George Pell, Archbishop of Sydney and Australia's leading Roman Catholic official, has said the Church will cooperate with the government's plan to investigate child sex abuse cases, but maintains that the problem is not exclusive to the church nor as widespread as the media makes it seem.
"Sexual abuse is not confined to the Catholic Church. Tragically, it occurs in families, churches, community groups, schools and other organizations," a joint statement by Australia's leading archbishops said.
"While there were significant problems concerning some dioceses and some religious orders, talk of a systemic problem of sexual abuse in the Catholic Church is ill-founded and inconsistent with the facts," the statement added.
Detective Chief Inspector Peter Fox, who is leading the investigation into multiple allegations of child sex abuse, has said the scandal has been building up against the Roman Catholic Church for "decades."
"The church covers up, silences victims, hinders police investigations, alerts offenders, destroys evidence and moves priests to protect the good name of the church," Inspector Fox said.
Pell has responded by saying that although he supports efforts for the truth to be uncovered, he remains confident that the Catholic Church has dealt with such cases in an adequate manner.
"Ongoing and at times one-sided media coverage has deepened this uncertainty. This is one of the reasons for my support for this royal commission," Cardinal Pell said, noting that the church had "taken decisive steps in the past 20 years to make child safety a priority and to help the victims of abuse."
The commission overseeing the child abuse investigation was also backed by Danielle Cronin, who chairs the parent committee of the National Catholic Education Commission.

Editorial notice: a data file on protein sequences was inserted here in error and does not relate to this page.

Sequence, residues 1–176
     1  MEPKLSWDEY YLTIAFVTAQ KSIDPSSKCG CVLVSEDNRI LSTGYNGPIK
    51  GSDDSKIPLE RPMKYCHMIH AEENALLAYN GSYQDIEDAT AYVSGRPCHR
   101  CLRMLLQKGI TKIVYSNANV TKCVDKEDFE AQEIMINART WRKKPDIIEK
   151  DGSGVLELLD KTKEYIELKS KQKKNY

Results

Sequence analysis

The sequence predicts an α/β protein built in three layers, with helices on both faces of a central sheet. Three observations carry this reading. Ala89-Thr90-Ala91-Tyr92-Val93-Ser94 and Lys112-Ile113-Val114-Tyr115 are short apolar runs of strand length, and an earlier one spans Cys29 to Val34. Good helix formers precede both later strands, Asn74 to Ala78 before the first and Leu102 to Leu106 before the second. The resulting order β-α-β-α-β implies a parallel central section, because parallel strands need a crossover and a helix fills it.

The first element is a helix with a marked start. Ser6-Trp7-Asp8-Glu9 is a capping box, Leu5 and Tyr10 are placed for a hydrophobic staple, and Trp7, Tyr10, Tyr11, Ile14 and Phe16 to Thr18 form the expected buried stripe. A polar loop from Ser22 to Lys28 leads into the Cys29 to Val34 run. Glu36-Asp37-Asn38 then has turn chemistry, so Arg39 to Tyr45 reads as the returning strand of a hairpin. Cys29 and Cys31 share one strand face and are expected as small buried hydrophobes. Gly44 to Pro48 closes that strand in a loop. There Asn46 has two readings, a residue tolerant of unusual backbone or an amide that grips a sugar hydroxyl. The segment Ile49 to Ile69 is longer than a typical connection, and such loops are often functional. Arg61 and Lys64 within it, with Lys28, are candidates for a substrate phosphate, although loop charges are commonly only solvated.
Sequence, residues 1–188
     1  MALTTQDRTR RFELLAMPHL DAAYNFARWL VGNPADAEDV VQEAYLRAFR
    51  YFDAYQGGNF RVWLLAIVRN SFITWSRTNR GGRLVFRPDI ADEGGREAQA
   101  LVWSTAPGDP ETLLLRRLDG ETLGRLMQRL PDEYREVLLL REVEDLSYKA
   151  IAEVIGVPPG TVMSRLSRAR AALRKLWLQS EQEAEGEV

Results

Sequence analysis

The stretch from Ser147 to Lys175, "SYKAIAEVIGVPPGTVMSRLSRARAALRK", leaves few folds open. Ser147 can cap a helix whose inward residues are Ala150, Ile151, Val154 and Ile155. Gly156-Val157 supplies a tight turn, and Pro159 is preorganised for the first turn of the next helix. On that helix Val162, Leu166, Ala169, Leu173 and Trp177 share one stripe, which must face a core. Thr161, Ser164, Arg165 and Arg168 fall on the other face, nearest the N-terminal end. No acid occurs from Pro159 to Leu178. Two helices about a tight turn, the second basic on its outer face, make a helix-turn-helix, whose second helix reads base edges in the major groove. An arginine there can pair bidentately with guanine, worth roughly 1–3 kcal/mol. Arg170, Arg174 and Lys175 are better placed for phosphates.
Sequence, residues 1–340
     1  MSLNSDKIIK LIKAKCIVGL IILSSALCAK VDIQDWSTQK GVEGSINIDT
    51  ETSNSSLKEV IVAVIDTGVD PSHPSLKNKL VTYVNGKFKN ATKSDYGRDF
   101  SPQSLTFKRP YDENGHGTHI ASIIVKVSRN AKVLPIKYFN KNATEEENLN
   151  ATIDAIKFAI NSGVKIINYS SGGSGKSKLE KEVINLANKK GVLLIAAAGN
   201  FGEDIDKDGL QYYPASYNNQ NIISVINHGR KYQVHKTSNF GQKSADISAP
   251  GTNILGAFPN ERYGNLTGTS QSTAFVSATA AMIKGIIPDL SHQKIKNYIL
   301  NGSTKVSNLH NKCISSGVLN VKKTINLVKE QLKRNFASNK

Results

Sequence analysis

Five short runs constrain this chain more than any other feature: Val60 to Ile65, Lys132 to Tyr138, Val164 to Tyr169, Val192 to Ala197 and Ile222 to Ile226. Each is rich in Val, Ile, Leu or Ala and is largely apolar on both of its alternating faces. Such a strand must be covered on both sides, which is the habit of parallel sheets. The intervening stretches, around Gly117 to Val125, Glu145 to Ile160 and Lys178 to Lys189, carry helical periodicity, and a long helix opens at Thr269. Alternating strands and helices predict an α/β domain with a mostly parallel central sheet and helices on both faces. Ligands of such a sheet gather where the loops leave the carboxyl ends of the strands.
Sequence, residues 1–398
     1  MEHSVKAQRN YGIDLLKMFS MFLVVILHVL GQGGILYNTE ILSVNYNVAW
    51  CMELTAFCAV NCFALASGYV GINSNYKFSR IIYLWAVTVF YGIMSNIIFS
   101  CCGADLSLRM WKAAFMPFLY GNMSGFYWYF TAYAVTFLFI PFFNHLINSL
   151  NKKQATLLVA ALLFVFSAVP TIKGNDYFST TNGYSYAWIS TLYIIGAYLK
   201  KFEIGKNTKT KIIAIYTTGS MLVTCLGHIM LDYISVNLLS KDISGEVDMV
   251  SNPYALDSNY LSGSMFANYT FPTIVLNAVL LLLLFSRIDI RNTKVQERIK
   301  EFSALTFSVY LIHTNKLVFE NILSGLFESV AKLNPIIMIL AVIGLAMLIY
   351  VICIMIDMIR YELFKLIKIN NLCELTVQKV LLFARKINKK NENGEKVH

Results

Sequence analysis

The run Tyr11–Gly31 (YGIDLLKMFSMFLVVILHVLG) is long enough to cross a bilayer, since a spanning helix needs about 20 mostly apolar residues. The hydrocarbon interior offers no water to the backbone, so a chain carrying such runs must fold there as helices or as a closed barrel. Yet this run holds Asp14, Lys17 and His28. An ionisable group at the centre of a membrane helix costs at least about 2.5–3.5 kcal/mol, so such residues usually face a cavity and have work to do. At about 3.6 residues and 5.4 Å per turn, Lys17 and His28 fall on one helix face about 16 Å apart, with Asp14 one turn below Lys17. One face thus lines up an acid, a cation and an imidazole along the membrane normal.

"As parents and representatives of parent associations, we have a very strong interest in the protection of children anywhere and at any time," Cronin said. "These matters, and these particular matters, need to be resolved urgently, but in relation to the royal commission we have no further comment at this point until we have more information."
Australian Education Union Federal President Angelo Gavrielatos described child sexual abuse as "abhorrent," and said that anyone who is deemed guilty of such a crime needs to be punished to the maximum extent of the law.
"All students, and their parents or carers, have the right to expect that schools will be safe places," added Andrew Barr, national chairman of the Association of Heads of Independent Schools of Australia.
"AHISA has a history of campaigning on pastoral care issues such as onscreen violence and violence in computer games, and more recently on cyber bullying. We will be looking for ways to co-operate with and assist the commission."